Katrina allows Airmen to help in new way
By Capt. Dustin Hart, 347th Rescue Wing Public Affairs
/ Published August 29, 2006
MOODY AIR FORCE BASE, Ga. --
I have always heard the Air Force takes care of its own in times of need. I have also seen this put into practice when Airmen and their families are struck by tragedy.
The events following Hurricane Katrina last year showed me this concept in a brand new way as 347th RQW Airmen put their skills to the test; not to help their fellow military members as they do so often in combat, but to rescue fellow Americans in their greatest time of need.
The Category 3 storm made landfall in the early morning of Aug. 29 near the Louisiana/Mississippi border, devastating the coastal area. When the levees surrounding New Orleans breached, a disastrous situation turned catastrophic.
Although Moody officials had already planned to conduct civilian rescue operations, as is normal with any natural disaster of Katrina's scope, the unforeseen damage that occurred put those plans into action ... quickly.
Aircrews and pararescuemen, some who had returned only days before from deployments to Iraq, volunteered to immediately redeploy and assist with the recovery effort. Maintenance and support Airmen were given a couple hours notice they too would be heading to support the effort.
Only a day after the hurricane made landfall, 347th RQW Airmen and their Air Force Reserve and Air National Guard partners were already in the skies above the disaster zone, coming to the aid of their fellow Americans throughout the Gulf Coast region.
For three weeks, rescue operations continued, culminating in the largest rescue operation in Air Force history, with more than 4,300 people owing their well-being to the fine Airmen of the 347th RQW and their fellow rescue units.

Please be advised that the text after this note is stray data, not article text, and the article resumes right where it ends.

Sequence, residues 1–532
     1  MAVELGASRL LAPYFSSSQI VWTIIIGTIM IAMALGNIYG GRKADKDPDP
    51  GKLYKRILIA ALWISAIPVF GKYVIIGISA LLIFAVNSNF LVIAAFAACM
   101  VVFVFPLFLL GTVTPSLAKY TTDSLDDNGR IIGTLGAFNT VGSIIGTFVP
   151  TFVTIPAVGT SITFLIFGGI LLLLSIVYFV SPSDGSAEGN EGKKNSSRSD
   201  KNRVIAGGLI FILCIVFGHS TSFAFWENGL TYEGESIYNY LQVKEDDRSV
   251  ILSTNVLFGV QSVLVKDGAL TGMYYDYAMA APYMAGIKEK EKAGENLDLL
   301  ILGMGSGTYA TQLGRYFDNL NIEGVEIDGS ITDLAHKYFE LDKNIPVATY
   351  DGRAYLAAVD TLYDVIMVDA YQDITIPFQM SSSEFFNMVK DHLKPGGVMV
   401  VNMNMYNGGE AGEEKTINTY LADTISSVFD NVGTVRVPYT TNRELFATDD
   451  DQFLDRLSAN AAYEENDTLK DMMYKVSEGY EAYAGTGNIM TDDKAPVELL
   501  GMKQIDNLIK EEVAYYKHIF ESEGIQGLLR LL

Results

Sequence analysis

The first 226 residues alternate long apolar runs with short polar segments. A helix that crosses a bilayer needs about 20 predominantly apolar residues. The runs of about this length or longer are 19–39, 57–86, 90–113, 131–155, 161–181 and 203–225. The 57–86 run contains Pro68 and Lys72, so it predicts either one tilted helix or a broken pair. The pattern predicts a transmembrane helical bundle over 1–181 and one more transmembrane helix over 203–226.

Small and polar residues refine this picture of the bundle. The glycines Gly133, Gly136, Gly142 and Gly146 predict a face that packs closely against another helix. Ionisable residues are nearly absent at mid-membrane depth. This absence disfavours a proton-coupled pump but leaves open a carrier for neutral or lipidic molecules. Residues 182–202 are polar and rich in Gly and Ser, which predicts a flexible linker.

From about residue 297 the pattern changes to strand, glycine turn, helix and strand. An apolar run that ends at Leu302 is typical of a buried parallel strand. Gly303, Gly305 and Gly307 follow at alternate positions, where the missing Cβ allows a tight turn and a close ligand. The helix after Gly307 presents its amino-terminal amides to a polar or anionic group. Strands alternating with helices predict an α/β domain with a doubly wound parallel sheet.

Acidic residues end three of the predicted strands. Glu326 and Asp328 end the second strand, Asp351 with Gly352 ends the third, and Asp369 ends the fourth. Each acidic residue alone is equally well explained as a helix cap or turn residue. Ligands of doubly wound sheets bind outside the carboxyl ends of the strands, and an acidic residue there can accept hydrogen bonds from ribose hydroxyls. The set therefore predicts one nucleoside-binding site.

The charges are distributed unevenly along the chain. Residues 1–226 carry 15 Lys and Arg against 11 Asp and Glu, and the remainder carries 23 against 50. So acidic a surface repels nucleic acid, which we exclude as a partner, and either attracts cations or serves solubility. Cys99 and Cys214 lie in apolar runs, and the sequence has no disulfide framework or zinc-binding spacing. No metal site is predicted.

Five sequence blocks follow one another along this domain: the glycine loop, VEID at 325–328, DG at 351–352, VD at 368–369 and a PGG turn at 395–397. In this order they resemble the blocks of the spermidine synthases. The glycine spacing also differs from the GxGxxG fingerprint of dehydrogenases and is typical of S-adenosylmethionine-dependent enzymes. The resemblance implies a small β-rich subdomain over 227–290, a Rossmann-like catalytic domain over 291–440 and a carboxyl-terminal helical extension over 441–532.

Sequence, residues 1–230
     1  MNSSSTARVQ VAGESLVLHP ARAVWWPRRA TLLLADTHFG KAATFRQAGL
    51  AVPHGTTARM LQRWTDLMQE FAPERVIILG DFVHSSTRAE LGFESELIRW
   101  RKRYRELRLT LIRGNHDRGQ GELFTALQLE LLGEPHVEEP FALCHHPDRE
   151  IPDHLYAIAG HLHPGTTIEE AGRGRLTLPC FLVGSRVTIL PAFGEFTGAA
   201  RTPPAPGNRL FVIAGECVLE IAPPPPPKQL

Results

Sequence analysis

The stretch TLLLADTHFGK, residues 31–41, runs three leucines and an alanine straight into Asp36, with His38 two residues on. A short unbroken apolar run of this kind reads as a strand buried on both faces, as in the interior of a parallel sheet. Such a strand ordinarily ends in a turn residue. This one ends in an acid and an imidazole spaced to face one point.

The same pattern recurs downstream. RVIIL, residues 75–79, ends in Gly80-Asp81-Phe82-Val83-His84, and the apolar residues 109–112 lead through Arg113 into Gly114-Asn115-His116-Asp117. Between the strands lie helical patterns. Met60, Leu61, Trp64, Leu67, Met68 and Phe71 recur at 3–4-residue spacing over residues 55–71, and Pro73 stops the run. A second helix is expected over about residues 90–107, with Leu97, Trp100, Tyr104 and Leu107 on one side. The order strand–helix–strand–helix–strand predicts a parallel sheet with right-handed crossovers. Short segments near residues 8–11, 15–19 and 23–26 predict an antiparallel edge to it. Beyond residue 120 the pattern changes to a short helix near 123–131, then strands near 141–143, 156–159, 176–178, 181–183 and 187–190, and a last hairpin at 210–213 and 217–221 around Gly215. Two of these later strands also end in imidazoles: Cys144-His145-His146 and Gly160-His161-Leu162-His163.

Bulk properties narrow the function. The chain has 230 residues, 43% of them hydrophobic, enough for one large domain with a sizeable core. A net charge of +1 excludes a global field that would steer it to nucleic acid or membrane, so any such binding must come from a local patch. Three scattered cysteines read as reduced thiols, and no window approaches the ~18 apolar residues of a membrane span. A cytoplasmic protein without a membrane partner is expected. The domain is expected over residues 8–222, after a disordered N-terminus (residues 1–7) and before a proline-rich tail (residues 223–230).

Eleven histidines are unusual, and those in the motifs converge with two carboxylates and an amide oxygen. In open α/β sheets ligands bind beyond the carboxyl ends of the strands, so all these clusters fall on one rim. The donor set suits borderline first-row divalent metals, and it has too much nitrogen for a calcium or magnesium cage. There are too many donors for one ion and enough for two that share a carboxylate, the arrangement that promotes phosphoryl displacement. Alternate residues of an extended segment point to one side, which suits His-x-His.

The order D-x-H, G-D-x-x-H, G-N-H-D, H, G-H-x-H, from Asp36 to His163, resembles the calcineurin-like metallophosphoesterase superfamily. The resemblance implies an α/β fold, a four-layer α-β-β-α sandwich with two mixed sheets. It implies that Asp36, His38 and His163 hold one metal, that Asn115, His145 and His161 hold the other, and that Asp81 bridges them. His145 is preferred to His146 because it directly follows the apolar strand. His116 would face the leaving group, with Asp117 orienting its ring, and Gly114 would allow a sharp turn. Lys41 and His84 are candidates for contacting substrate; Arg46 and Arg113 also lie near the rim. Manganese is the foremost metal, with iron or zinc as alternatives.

I arrived to the 347th Expeditionary Rescue Group's staging area at Allen C. Thompson Air National Guard Base in Jackson, Miss., two days after operations began. Even though we were conducting business at home in the United States, I quickly noticed the work conditions were not much different from a wartime environment.
While Jackson escaped the full brunt of Katrina's fury, it was still recovering from a significant blow. No electricity, phones, and extreme shortages of gas and other supplies made support operations difficult.
Yet, once again, a group of dedicated Airmen stepped up to the challenge, working day and night to ensure the rescue mission continued. Many of these Airmen were members of the Mississippi Air National Guard, who were still recovering at home or had family members in the disaster area.
Not once did I ever hear any of these Airmen complain about being at work. Actually, they went out of their way to thank the more than 400 deployed Airmen for helping their state.
This help meant 24-hour-a-day operations for the first week of the rescue effort. The operations tempo was hectic to say the least.
More than 20 HH-60G Pave Hawks lined the runway when not flying eight- to 12-hour missions. C-130 and C-17 aircraft arrived several times daily, bringing needed supplies and people as well as rescued victims.
Aircrews constantly prepared for their next mission while maintenance Airmen scurried between aircraft, ensuring everything was ready for the next round of takeoffs occurring every couple of hours.
Once the helicopters took to the air, the aircrews and PJs faced staggering challenges. The sheer number of victims needing to be rescued put the crews' capabilities and training to the test. One crew recorded more than 200 saves in one mission alone.
But the Airmen couldn't rely solely on past training and experiences. Creative planning and execution was required since missions varied from picking up large groups of people from interstates to having PJs break through roofs to pull out stranded victims.
Despite the challenging environment, the 347th ERQG stood at the forefront of a rescue mission the Air Force had never seen before.
As this year's hurricane season hits its stride, Americans are once again preparing to deal with Mother Nature's fury. They can be comforted in knowing the Air Force will carry on its tradition of helping its own when needed most.